The Changing of the Guard – Seventh Watch

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Let’s return to the night of explosion, shall we? A third perspective is here, if only briefly, to bring us some insights we maybe didn’t have previously. Your comments and criticism are welcome as always. Enjoy!

I don’t believe that Neil will return in POV capacity. I do think he had something valuable to offer, but now that we have it, we don’t need him anymore.

We get our first glimpse of Trent, DK lieutenant. Except we don’t really see him. Neil isn’t really one for noting people’s appearances. He has an ear for sound, however. He connects a memory of his to what we can assume is Gray in the earlier stages of Earl’s “seduction,” and it’s not a happy connection. We hear Earl’s words. We hear the cry of a raven.

(This is why the songbird description in chapter one is problematic, by the by. Still not sure what to do with it, but it’s not like Gregg knows what birds are. Hohoho.)

What to say…

Oh, yes. Remember how in chapter five, the halberdiers were missing when Gray left the DK HQ? :)

I can say with confidence that this is the last new perspective for a long time. The next three chapters are written from perspectives we’ve already encountered.

I’m having a hard time thinking of much to say here… enjoy Neil and his simple techniques. Or don’t. I hope this chapter ties a few of the chaotic night’s events together, but if it doesn’t, or if it confuses them somehow, let me know. Also, one of my beta readers just didn’t like Neil. Thought he was too simple to provide anything. Obviously I don’t agree, but my mind could be changed by a consensus against the poor kid.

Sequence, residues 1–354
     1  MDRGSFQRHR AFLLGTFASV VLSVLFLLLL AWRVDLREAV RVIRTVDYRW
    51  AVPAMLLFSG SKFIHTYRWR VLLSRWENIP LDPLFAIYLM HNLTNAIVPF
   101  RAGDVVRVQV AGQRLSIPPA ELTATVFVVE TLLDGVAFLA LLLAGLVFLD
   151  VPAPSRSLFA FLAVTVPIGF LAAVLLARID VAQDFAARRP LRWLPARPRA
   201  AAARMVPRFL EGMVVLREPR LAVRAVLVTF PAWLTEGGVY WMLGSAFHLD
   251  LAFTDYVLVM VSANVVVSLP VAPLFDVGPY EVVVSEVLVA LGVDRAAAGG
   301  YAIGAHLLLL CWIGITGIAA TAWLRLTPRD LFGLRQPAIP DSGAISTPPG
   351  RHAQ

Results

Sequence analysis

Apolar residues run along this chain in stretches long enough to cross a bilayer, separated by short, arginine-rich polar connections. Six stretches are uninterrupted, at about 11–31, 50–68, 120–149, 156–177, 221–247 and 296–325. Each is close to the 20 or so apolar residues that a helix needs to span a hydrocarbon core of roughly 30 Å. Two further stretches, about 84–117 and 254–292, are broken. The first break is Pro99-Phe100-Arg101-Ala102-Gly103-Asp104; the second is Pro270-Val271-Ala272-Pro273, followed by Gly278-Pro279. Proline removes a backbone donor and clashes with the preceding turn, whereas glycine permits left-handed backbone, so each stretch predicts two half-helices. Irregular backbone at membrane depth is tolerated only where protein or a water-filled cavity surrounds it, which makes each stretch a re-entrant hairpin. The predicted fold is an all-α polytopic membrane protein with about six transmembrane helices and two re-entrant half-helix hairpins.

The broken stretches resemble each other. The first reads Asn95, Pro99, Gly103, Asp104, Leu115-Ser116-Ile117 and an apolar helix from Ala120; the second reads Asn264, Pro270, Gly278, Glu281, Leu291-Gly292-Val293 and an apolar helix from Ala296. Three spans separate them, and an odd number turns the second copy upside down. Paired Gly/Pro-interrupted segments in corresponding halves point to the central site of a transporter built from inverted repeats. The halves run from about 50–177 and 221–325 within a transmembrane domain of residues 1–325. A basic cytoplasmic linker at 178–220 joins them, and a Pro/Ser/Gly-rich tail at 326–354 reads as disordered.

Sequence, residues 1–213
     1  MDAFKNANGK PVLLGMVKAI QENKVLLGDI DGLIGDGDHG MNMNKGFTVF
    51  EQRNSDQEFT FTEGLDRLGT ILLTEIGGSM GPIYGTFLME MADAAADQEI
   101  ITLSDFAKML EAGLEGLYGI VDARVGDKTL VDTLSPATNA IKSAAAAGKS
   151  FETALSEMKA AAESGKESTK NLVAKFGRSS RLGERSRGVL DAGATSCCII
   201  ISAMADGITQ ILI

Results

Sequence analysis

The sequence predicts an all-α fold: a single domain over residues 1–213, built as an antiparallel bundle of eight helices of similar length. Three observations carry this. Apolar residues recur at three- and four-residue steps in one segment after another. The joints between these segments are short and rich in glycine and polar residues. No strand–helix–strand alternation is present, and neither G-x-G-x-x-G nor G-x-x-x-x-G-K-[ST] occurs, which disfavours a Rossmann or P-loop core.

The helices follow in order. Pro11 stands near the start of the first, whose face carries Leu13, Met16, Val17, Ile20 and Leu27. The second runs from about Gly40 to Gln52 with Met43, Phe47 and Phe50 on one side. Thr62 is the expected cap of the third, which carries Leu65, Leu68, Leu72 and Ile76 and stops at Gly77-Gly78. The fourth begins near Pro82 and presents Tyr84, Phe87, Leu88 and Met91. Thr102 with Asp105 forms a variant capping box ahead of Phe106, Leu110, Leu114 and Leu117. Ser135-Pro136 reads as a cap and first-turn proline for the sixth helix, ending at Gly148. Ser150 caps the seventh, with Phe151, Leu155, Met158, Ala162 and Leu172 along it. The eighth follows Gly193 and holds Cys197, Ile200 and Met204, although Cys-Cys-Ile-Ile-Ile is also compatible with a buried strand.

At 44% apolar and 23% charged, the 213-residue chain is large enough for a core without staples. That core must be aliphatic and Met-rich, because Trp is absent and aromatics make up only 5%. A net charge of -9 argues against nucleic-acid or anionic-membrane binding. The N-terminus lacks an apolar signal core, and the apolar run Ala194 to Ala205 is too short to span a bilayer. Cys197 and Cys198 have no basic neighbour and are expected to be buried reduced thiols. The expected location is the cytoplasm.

"The Changing of the Guard – Seventh Watch" was posted by on Sunday, April 1st 2012. This post is categorized Changing of the Guard and tagged .

3 thoughts on “The Changing of the Guard – Seventh Watch

  1. Alright, so I read another chapter. Writing these chapter reviews are becoming a pardon of absence for me. But hey, whatever works, right?

    I greatly enjoyed Neil as a character, as he is of simple desires and mindset, and self-reliant. What’s more, he’s worldly enough to know what’s what and how to deal with it. This lends him a great deal of appeal in an environment where it’s basically a matter of ‘to each his own and god to all’. He arguably shows a warped sense of empathy towards the whore-girl from his memories; this in a setting that has sparingly little of it. His fatalist take on this particular mission is morbid and cynical, but his willingness to see it through regardless is justified all the same by his background, lending him a melancholic streak that provides debt.

    I can see why you might opt not to assume this POV again in future chapters, but I personally would sure be interested to see more events analyzed from his angle.

    • There’s nothing to pardon, we all lead busy lives :)

      And once again you bring feedback that is very interesting to me. That you want Neil to come back in particular. I’ll consider it!

      By the way what’ve you been up to, and why aren’t you on the forums? :P

      • Oh, I’m always on the forums, one wayor another ;)

        But to answer the actual question, I’ve been very preoccupied with the production of an improvised play of sorts. No writing on my part, mind you. Mostly décor and prop building and some general participating in the organization. Nothing major, but it was a first-timer for everyone involved, so we had a lot on our plate. It was well received by the participants though, so I guess we did a good job.

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